"This decision was based on serious consideration of the safety and well-being of our staff," said Ella Foster, FSRI VP of Media Relations. "What we don't want is to see one of our HR people drawn inadvertently into a civil war," she said. "That's plain and simple bad for business..."
When asked if the FSRI has enjoyed the favoritism of the Libyan strongman, Muammar Qaddafi, over the past several years, Ms. Foster was quick to respond: "The FSRI has always had a policy of remaining neutral when it came to Qaddafi. That Qaddafi has been an advocate of the FSRI and a gracious host to many banquets and polo events in our honor has never influenced our working relationship with either Qaddafi or his regime. Nor has his vast reserves of sweet crude had anything to do with our close ties. That Qaddafi has demonstrated psychotic fugues and exercised the wonton slaughter of thousands of his countrymen has also had no bearing on our judgement of the Libyan leader's business etiquette or corporate style."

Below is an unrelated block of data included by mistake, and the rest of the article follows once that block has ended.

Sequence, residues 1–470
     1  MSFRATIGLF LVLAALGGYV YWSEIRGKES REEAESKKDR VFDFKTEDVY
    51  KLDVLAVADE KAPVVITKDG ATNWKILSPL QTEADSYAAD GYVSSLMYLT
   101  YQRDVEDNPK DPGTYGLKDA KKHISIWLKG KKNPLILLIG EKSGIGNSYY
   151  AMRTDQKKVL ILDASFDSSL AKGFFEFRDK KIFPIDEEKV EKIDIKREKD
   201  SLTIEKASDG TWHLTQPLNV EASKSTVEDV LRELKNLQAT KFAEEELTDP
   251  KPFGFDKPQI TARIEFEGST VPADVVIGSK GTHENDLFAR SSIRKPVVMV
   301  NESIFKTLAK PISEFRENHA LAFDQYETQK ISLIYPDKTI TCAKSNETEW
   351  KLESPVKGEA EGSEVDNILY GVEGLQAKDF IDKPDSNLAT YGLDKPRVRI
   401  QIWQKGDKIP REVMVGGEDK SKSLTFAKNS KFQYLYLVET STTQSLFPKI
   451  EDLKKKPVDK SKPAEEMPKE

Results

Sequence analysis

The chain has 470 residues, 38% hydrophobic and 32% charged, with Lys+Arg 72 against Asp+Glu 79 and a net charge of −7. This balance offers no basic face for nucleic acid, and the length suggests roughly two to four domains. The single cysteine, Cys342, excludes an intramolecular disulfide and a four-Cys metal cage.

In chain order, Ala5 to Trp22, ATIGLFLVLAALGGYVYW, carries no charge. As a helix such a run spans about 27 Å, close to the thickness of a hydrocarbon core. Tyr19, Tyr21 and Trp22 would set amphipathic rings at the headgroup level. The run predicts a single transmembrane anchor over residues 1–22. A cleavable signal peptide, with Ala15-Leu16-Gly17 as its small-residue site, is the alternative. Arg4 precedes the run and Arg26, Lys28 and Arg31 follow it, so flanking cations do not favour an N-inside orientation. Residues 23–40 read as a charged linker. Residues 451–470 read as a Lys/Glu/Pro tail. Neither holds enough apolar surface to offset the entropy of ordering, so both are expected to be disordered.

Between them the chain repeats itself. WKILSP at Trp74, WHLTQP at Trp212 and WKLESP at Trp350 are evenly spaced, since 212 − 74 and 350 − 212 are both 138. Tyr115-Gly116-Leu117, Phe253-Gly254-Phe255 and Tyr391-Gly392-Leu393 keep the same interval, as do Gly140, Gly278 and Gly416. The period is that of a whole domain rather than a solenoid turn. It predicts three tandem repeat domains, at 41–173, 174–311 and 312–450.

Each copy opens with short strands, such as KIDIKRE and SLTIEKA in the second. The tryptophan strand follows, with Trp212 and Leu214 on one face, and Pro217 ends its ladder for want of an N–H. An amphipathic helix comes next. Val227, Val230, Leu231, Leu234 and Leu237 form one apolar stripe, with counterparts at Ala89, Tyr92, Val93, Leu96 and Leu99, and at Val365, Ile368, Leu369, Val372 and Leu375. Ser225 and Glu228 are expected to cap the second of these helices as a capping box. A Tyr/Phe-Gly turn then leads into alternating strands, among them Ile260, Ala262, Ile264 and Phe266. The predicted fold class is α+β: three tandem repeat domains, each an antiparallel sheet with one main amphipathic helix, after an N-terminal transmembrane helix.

When asked if the FSRI plans to return to Libya after the unrest has abated, Ms. Foster added this: "When Libya wants the FSRI back, we will be there. When the people of Libya have spoken, they will have said something with intent, and that's what we've come to appreciate about Libyans. They know what they're saying and when they're saying it."
The FSRI staff has established temporary headquarters in Monaco while events in Libya continue.
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